Friday, March 05, 2010

Forgotten Books: The Range Robbers - Oliver Strange

Oliver Strange (1871–1952) was an Englishman who worked as an editor for a British publishing company during the first half of the Twentieth Century. But he also wanted to be a writer and obviously had a fondness for American Westerns, because when he tried his hand at writing a novel, the result was THE RANGE ROBBERS, a book that’s very much the literary equivalent of an American B-Western film or pulp novel.

THE RANGE ROBBERS introduces Strange’s famous character Sudden, and it proved popular enough that over the next couple of decades he wrote nine more novels featuring Sudden. After Strange’s death, the series was continued for five more novels written by Frederick Nolan under the name Frederick H. Christian. Even though THE RANGE ROBBERS was the first book published, when Strange continued the series he backtracked in the character’s history and occasionally went forward, so the publication order isn’t the same as the chronological order.

When we meet Sudden in this one, he’s pretending to be a drifting cowboy named Green. In fairly short order, it becomes obvious why he’s adopted a new identity: Sudden is a famous gunfighter and outlaw who’s wanted for various crimes all over the West. Like many a pulp outlaw, however, he’s not really to blame for most of the offenses that have been attributed to him. Despite his reputation, he’s an honorable man, a fast shot, a great fighter, and a steadfast friend. When he goes to work on a ranch owned by an old-timer who’s having trouble with rustlers, if you’ve read very many pulp novels or watched very many B-Westerns, you’ll know exactly what’s going to happen.

In fact, there’s nothing really new in THE RANGE ROBBERS, although when it was published the plot elements hadn’t had enough time to become quite the clich├ęs that they are now. You’ve got the elderly rancher with the beautiful daughter, the rustlers, the magnificent horse that nobody else can ride, the white villains pretending to be Indians, and so forth. One of the bad guys even kicks a dog so you'll know that he's really bad. So why read this book?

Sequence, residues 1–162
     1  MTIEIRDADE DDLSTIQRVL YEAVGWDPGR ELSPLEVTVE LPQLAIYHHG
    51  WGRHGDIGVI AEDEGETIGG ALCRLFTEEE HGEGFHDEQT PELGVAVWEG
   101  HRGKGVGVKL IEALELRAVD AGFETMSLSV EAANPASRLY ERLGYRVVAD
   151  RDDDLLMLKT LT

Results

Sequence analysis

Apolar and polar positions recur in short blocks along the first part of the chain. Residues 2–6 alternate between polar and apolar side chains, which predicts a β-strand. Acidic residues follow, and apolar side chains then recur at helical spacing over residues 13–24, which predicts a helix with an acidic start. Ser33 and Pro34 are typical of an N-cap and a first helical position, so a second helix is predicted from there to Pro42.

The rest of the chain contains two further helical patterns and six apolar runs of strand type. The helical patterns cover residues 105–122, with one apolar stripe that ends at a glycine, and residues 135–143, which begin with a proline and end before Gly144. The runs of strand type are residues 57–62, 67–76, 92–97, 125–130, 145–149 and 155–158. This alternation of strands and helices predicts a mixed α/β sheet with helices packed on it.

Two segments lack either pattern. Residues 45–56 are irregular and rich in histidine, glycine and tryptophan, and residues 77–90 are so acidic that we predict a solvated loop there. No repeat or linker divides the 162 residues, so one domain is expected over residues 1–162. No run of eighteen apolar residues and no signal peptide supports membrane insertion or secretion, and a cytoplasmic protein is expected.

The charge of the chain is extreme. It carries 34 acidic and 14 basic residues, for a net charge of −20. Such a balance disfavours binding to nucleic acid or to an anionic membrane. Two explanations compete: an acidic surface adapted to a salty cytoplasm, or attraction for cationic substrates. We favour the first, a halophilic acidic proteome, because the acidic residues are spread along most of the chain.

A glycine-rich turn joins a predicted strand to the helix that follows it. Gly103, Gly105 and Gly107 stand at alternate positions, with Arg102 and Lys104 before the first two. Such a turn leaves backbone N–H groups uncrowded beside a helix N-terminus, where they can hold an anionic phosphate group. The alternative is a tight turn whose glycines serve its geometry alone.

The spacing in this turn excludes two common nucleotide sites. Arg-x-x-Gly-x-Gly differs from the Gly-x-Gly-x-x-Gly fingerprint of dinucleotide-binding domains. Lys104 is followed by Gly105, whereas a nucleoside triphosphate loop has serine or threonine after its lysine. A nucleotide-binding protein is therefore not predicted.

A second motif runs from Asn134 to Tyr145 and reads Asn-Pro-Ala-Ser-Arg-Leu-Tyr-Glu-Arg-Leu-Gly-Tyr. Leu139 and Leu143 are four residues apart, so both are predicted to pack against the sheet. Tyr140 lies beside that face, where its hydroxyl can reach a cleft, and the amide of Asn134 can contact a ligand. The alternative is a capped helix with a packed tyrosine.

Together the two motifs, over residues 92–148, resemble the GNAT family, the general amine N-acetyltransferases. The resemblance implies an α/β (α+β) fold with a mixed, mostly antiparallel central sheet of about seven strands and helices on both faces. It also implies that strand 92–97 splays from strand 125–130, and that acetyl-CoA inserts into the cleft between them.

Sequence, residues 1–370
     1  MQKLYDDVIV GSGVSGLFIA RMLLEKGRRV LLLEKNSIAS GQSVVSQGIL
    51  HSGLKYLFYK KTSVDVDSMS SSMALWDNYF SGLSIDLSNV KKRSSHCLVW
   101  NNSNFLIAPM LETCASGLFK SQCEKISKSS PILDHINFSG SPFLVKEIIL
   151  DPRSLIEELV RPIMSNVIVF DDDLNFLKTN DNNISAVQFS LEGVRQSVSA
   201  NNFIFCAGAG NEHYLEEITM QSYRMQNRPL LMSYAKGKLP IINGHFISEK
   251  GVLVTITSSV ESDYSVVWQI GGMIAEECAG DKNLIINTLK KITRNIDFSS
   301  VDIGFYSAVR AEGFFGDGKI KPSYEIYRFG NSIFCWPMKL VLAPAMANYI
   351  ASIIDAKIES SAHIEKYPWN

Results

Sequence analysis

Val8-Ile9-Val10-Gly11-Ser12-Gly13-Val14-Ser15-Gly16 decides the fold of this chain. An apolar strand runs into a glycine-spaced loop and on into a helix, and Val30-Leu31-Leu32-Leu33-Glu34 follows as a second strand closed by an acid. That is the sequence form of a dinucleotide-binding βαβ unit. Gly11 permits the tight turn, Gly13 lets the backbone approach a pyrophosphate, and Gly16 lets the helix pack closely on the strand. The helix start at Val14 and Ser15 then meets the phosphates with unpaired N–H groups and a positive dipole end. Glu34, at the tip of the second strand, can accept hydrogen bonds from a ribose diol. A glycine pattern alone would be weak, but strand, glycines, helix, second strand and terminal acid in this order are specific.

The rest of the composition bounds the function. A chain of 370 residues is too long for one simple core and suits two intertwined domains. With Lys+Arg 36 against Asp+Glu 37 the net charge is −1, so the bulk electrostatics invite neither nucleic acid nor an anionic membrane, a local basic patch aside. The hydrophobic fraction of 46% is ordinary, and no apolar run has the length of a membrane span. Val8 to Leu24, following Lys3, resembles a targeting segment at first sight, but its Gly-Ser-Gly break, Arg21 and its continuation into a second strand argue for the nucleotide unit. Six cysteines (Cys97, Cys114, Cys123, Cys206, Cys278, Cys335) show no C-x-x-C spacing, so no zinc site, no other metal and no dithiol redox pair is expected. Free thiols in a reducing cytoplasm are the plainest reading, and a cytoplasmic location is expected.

Well, for one thing, even though THE RANGE ROBBERS is a fairly long novel, Strange never lets the pace slow down for very long. It’s full of incident and colorful characters and well-written action scenes. There’s a lot of Western slang and dialect that takes some getting used to, but that was common for the time period. Even though Strange never visited the U.S., his descriptions of the landscape are vivid and reasonably accurate. He was expert at crafting confrontations between the heroes and the villains, and along the way he adds some psychological drama to the plot reminiscent of the work of Max Brand and Walt Coburn. The two big twists near the end are predictable but satisfying.

THE RANGE ROBBERS is an old-fashioned, traditional Western and very entertaining for fans of that genre, which includes me. I have a couple of other Sudden novels and plan to read them soon. If you’re interested, there’s a lot of information about Strange, the Sudden series, and its history here. (Be sure and scroll down to the post by Fred Nolan.)

14 comments:

Suresh Ramasubramanian said...

Enjoyed the review, and glad you liked the book as much as I did.

One thing that Oliver Strange kind of pioneered was the dry, humorous one-liner (and even today there are very few western authors who can pull that off as well as Strange did)

By the way - I remember at least one book where he introduces himself "Green. The name is Jim Green. They also call me Sudden."

Wonder whether Ian Fleming (or was it whoever wrote the dialog for the early Bond movies) read that.

pattinase (abbott) said...

Interesting the idea of people across the ocean liking the genre and trying to capture it.

Suresh Ramasubramanian said...